As the photo above, taken just before I started writing this blog, shows, it’s not a bad lifestyle. While I work on the book, I may not be visiting here very often, but check back once in awhile to see how it’s progressing. In keeping with the title, it will be cheap and may help you avoid some of the mistakes I made when I was starting out.

After a lot of rain, it’s a bright, sparkling day, so I’m going to close now and go for a swim. See you later.

I Heart Sihanoukville

I’m sitting here working at JJ’s, a very nice guesthouse that used to be my “office” in its former incarnation as Ana Guesthouse, before I got internet at home. I seem to be coming here regularly now, partly because we’ve been having frequent power outages and partly because it’s nice to get a change of scenery while I work.

After finishing up my weekly assignments, I opened an email from Travelfish, telling me another comment had been added to a forum I’ve been following there. The topic, How Safe is Cambodia? drew me in when I felt compelled to write a rebuttal to someone’s ongoing rants about the dangers of Sihanoukville.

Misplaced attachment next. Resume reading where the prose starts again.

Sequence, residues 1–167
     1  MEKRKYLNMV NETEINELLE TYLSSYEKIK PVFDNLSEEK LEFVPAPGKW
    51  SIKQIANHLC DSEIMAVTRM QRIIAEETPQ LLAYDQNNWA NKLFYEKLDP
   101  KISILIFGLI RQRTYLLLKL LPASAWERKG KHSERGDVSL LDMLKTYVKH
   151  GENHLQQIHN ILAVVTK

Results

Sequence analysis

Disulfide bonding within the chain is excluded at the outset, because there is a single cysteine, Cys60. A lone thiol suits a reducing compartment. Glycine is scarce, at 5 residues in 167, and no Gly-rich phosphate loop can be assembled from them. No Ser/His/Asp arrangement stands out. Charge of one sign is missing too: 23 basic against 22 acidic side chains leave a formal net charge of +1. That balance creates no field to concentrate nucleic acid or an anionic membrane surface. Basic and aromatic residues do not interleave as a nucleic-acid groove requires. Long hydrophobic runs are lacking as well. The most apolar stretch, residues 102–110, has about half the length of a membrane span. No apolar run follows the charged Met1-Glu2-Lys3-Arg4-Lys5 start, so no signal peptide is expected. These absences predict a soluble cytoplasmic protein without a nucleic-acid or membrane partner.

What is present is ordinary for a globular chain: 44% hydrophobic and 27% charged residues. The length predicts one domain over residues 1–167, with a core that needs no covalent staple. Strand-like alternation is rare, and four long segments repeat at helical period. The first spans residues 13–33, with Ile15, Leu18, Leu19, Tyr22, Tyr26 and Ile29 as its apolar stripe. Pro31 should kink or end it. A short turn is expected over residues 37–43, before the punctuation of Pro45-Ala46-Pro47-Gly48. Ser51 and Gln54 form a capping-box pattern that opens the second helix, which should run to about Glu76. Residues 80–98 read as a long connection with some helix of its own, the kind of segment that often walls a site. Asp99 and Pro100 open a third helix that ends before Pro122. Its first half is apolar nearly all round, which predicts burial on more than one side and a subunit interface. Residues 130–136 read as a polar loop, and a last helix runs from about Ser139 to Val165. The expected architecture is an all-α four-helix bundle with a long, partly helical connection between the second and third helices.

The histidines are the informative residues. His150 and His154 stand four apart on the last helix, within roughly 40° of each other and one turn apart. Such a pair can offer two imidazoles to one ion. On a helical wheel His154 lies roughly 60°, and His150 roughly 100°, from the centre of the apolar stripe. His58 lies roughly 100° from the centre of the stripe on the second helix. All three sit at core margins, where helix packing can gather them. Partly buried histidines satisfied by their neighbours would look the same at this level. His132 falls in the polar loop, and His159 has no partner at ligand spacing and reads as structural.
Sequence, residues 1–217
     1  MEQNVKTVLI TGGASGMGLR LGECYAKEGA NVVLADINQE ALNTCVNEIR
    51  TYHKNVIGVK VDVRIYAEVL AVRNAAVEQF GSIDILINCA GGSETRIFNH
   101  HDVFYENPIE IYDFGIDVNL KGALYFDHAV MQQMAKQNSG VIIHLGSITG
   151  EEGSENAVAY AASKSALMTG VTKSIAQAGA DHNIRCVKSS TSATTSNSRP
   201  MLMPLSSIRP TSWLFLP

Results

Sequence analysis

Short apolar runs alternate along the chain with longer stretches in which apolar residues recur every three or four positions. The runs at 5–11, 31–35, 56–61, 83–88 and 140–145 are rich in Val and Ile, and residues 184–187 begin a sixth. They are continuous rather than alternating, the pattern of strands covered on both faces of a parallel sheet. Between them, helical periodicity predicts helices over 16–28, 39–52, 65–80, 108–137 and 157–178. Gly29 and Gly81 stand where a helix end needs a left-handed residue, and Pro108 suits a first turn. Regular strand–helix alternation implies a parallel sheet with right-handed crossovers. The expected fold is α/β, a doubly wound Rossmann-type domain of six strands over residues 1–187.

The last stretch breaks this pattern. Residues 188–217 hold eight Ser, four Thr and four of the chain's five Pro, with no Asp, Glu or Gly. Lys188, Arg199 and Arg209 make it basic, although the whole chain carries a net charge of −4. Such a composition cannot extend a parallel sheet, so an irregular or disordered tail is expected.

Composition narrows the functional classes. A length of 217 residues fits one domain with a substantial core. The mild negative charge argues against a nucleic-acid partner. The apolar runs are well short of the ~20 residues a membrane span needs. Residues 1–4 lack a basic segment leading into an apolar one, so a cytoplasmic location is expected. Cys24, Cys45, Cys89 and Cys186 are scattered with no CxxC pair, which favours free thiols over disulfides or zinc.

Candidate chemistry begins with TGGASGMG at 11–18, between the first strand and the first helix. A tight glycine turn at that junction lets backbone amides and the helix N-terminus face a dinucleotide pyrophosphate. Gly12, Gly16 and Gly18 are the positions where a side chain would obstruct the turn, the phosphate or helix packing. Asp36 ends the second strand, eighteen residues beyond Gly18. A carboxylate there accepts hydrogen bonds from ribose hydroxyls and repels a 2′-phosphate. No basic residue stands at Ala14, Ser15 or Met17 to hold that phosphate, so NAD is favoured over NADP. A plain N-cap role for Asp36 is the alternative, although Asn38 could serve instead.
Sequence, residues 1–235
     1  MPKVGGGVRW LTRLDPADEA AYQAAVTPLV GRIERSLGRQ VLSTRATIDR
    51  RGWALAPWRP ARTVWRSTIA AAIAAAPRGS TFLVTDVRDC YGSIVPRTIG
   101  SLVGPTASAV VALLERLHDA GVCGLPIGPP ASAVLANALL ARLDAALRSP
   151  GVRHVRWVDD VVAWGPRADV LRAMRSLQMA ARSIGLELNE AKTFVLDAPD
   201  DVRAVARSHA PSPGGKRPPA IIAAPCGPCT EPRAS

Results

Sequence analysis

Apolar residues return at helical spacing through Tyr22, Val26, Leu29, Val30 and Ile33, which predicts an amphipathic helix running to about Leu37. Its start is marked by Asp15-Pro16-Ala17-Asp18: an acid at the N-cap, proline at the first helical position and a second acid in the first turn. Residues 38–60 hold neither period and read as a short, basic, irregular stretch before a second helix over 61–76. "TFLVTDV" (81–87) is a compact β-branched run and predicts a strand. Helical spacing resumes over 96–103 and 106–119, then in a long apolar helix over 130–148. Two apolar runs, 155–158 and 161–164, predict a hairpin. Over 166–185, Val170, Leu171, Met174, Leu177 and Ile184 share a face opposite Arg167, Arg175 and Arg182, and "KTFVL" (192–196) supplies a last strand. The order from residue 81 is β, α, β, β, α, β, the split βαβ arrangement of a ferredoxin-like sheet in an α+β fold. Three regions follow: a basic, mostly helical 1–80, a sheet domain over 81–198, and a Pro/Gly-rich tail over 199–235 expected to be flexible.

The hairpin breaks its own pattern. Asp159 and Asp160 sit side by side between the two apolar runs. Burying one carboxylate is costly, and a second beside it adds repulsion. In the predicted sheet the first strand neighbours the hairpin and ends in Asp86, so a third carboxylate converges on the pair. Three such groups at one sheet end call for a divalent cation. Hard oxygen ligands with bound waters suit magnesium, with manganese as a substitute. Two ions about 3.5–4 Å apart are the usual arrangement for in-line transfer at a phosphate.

This time, the comment was about living in Phnom Penh and included some very helpful safety tips for travellers. Impressed with the positive tone of the entry, I checked out the blog. I knew I was on to a winner when I read the title, Penh and Ink. I picked out a random article to read. It was called I Heart Phnom Penh. “It’s so radiant at night,” she writes, “a theme park glow of fairy lights and fancy architecture and improbability.”

I don’t feel the same way about Phnom Penh, but her beautiful writing was so compelling, I was able to see the city through her eyes. It made me wonder why I don’t see Phnom Penh as she does. When I go there, I see a confusing jumble of streets, hear a jarring cacophony of sounds, imagine dangers lurking around every dark corner.